(CNN) -- Retiring baby boomers are cashing out on their decades of paying into Social Security. The problem? Social Security is no longer running a surplus, worrying many that the entitlement program is in trouble.
In 2036, the Social Security Administration reports that it will no longer have enough money to fully pay out scheduled benefits. Solutions put forth by President Obama's bipartisan fiscal commission, on which Republican vice presidential hopeful Paul Ryan served, include raising the retirement age and reducing benefits for wealthier Americans.
As the debate over how to save Social Security continues, we look at the program by the numbers:
7.8 million - Number of elderly people in the United States in 1934. Approximately 50% of them lacked enough income to support themselves. Only 5% of retired people were receiving pensions.
1935 -- Social Security is signed into law by President Franklin D. Roosevelt. The first payroll deductions begin in 1937.
222,488 -- Number of Americans receiving Social Security benefits in 1940, less than 1% of the total population.
$22.71 -- The average monthly benefit for a retired worker in 1940, the first year that benefits were paid monthly.
56 million -- Number of Americans receiving Social Security benefits in 2011, approximately 18% of the total population.
36 million -- Number of those receiving Social Security in 2012 who are retired workers. The other 20 million are surviving spouses, disabled people and dependents.
$1,234 -- The average monthly benefit for a retired worker in 2011.
$1,323 -- The average monthly retired worker benefit for a man in 2010.
$1,023 -- The average monthly retired worker benefit for a woman in 2010.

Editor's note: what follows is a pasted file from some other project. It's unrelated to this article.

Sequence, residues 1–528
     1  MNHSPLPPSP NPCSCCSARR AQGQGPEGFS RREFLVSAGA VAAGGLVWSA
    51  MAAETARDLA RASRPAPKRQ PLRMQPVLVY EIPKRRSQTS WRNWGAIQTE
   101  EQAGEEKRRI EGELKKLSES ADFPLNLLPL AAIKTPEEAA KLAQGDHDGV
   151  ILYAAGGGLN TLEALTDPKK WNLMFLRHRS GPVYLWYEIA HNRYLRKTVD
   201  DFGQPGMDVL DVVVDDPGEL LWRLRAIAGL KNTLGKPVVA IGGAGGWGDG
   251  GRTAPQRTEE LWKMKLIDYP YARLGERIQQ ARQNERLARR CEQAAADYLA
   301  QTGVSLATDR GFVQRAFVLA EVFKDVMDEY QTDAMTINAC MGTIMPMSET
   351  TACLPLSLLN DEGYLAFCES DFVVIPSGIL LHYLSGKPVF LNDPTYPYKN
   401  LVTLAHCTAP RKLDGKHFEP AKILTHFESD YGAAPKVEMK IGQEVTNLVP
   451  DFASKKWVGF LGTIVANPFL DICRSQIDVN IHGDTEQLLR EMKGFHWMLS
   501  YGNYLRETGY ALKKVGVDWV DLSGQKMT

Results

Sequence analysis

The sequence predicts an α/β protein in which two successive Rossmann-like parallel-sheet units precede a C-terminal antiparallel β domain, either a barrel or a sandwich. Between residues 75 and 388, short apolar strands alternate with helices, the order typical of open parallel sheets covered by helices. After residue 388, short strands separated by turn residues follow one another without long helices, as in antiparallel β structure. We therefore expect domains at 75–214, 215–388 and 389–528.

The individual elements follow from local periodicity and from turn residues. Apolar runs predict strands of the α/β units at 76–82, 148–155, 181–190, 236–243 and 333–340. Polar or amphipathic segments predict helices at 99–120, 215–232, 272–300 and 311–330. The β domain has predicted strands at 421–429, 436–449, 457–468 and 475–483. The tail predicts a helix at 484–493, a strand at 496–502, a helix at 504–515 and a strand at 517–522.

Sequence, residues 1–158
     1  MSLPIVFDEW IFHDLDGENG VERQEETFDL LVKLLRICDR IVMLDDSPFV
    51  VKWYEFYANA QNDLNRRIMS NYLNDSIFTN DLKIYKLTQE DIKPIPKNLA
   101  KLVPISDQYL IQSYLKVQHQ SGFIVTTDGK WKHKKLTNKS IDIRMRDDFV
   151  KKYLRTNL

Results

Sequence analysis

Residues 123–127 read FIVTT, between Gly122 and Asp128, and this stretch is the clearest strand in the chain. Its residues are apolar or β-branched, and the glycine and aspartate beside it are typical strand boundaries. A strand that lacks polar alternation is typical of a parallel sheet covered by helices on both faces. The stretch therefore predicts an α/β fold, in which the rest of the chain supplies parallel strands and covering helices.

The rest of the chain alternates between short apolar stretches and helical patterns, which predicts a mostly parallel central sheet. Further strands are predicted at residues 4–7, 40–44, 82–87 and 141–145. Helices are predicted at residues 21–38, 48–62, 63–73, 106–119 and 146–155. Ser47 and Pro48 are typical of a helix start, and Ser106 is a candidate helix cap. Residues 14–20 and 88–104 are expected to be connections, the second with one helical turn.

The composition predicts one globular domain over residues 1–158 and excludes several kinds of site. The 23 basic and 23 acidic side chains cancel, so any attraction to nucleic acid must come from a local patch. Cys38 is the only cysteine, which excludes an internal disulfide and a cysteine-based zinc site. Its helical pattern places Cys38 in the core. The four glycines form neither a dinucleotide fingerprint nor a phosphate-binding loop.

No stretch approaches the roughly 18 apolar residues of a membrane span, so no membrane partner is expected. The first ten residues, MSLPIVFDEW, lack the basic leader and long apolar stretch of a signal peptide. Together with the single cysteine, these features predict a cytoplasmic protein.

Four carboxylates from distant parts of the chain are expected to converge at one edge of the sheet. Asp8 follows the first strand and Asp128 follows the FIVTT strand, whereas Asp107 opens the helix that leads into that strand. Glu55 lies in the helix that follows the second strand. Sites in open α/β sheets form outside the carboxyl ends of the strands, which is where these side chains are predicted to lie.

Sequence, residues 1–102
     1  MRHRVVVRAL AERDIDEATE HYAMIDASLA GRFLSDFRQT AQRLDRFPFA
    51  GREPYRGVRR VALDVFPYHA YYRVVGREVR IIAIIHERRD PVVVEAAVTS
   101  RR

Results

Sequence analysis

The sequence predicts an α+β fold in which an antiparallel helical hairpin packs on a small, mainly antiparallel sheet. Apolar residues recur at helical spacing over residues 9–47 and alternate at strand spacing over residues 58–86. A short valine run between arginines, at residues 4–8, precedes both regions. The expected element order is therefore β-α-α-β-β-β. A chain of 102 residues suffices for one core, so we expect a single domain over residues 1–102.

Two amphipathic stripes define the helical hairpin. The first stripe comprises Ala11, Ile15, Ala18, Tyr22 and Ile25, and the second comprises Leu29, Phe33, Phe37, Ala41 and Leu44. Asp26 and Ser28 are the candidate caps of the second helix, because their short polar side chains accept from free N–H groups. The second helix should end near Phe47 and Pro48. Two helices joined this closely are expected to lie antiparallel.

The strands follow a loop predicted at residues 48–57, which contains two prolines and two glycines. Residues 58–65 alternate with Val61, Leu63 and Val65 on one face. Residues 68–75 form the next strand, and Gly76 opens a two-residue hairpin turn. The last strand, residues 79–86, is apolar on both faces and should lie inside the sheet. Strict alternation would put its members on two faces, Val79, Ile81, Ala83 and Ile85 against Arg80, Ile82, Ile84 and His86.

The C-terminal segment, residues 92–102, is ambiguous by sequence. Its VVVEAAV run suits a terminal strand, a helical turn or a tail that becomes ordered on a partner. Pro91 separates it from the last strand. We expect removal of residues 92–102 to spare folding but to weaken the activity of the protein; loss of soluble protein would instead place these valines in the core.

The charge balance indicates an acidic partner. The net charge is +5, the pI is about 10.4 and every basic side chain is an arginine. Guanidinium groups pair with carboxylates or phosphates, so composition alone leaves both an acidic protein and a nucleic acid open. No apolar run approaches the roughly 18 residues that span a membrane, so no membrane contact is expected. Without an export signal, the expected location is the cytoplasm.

12% -- Percentage of retired worker Social Security beneficiaries who were women in 1940.
49% -- Percentage of retired worker Social Security beneficiaries who were women in 2010.
86% -- The percentage of single people over 65 who received Social Security benefits in 2009.
43% -- The percentage of single people over 65 who relied on Social Security for 90% or more of their income in 2009.
$778 billion -- Expected amount that Social Security will pay out in benefits in 2012.
$8.7 trillion+ -- Amount of money that has been paid into the Social Security Trust Fund since its inception.
$7.4 trillion+ -- Amount of money that has been paid out in benefits since the 1930s.
2036 -- The year Social Security Trust Fund will no longer have enough money to fully pay out scheduled benefits.
Just for fun
$22,888.92 -- Amount of Social Security benefits received by Ida Fuller of Vermont. She was the first person to receive monthly benefits, beginning in 1940. She died in 1975 at the age of 100.
$24.75 -- The amount Ida Fuller paid into Social Security during three years of work in the late 1930s.
$0.17 -- The amount of Social Security benefits paid to Ernest Ackerman, the first person to apply for benefits. He retired one day after the program began and paid a total of $.05 cents into Social Security.
001-01-0001 -- The lowest Social Security number ever assigned, given to a New Hampshire woman in 1936.
23 -- The age of John David Sweeney Jr. of New York when he received the nation's first Social Security account in 1936. Sweeney died at the age of 61 and never received any Social Security benefits.
40,000 -- Number of people who claimed the Social Security number 078-05-1120, when they found it printed on a sample insert in wallets sold at Woolworths.